Friday, January 04, 2013

Law 'won't affect' suicidal women travelling for abortions

Most pregnant women who have suicidal thoughts and want an abortion will still go to England to have one even if the law is changed here, according to one of the country’s only perinatal psychiatrists.

Dr Anthony McCarthy, who works in the National Maternity Hospital in Holles Street, Dublin, also said that pregnant women presenting with suicidal thoughts while pregnant is a rare event. 

In an interview in today’s Irish Times health supplement, Dr McCarthy said pregnant women who are suicidal and want an abortion will not want to wait for the judgment of medical professionals before making their decision.

The expert group on abortion recommended that two psychiatrists and an obstetrician should decide whether or not a pregnant woman’s suicide threat is genuine before allowing her to have an abortion.

Dr McCarthy said: “If a woman feels really suicidal in pregnancy and they want to get rid of that baby, they are not going to come into me in Holles Street. They are going to go to the UK. The circumstances in which this happens are rare. The circumstances are going to remain rare.”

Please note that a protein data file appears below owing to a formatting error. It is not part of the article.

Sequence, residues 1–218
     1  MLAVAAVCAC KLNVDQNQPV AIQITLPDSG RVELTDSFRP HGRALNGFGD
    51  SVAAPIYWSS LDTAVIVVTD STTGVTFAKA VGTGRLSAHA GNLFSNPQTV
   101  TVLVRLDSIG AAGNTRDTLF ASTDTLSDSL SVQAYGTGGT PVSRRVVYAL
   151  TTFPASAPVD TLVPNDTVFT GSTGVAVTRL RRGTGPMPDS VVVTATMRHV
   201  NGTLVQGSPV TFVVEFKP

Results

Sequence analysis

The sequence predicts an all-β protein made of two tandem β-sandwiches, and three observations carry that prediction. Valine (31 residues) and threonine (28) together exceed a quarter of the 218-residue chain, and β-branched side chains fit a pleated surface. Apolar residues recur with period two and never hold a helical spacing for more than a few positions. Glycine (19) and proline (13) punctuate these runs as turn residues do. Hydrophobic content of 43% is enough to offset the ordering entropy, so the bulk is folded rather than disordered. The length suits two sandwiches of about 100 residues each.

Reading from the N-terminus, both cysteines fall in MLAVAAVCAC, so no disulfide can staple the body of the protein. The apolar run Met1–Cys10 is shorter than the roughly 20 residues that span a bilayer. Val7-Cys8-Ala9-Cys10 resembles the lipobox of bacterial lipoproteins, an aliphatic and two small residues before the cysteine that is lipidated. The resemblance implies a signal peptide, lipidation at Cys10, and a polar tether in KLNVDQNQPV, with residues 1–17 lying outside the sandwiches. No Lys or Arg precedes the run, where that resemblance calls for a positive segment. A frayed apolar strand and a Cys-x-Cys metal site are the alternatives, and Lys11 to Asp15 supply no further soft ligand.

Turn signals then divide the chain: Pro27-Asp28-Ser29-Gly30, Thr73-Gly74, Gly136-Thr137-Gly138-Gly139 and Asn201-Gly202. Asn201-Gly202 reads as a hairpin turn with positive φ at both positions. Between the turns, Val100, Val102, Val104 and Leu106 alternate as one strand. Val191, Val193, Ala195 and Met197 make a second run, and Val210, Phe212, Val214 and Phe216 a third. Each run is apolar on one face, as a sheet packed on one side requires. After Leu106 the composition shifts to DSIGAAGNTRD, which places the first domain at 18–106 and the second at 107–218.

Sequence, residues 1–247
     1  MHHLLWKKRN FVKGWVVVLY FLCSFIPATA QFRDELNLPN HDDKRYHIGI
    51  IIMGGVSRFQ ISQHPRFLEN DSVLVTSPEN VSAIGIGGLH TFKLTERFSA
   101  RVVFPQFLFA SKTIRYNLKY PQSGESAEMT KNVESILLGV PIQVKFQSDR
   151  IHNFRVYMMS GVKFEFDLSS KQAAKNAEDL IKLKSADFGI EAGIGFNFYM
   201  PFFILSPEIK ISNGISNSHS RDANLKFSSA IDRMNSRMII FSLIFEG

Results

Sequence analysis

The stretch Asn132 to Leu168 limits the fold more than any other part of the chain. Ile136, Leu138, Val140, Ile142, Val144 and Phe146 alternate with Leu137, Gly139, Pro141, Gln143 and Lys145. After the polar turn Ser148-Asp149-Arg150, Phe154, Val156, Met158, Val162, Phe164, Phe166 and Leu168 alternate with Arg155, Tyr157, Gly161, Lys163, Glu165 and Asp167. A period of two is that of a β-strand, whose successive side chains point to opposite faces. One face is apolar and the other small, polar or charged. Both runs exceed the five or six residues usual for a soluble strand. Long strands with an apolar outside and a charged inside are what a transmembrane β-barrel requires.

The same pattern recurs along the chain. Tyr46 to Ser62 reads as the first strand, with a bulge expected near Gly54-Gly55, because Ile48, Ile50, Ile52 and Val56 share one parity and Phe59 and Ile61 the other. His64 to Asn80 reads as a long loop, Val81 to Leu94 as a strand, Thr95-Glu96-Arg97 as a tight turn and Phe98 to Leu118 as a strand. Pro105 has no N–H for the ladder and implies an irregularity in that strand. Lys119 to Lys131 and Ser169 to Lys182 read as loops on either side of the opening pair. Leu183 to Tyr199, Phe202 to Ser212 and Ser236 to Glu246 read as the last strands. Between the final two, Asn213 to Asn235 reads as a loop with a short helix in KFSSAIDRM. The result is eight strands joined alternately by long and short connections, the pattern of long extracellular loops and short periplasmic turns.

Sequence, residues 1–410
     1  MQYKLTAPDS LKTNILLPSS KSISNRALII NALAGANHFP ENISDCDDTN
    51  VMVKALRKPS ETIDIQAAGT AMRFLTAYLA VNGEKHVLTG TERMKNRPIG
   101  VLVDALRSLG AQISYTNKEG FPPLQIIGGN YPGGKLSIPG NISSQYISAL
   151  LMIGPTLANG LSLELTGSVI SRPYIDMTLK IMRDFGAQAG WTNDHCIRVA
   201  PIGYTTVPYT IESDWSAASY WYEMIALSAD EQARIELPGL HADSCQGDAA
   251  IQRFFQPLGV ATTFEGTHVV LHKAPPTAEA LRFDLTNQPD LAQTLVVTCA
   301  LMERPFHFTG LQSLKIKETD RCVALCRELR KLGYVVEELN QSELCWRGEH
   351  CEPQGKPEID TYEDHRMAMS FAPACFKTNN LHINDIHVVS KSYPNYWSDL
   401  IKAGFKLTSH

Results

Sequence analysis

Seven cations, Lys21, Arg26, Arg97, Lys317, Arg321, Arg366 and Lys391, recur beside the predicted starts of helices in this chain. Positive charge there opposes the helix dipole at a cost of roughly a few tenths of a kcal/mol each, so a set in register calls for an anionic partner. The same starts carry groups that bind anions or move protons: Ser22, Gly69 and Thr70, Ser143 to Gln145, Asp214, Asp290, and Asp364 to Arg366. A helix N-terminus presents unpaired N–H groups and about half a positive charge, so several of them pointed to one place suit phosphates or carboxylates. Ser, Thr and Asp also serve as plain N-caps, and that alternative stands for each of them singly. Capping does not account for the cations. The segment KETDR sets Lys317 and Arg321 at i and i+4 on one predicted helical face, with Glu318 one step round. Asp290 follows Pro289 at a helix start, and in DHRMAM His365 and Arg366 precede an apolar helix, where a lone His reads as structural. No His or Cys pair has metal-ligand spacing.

Threats versus ideation 

Dr McCarthy said psychiatrists distinguished between suicidal ideation and suicidal threats. Suicidal ideation means that somebody has an idea to kill themselves and usually wants to get rid of those thoughts by talking to somebody about it.

This is different, he says, from suicidal intent where the person is actually planning to kill themselves: professional help is essential in these circumstances. A third scenario is where a person presents threatening to kill themselves. They, in turn, feel threatened by their feelings and want help.

“Another person may say they will kill themselves unless some specific thing happens. They are seeking a specific solution and are telling us this deliberately, and this must be understood differently again and assessed appropriately and professionally.”

Dr McCarthy said psychiatrists were well trained to assess the genuineness of a suicide threat. 

The Oireachtas Committee on Health and Children will begin three days of hearings into the abortion issue next Tuesday.

The committee will hear contributions from medical practitioners, legal experts, representatives of churches, religious groups and advocacy groups.

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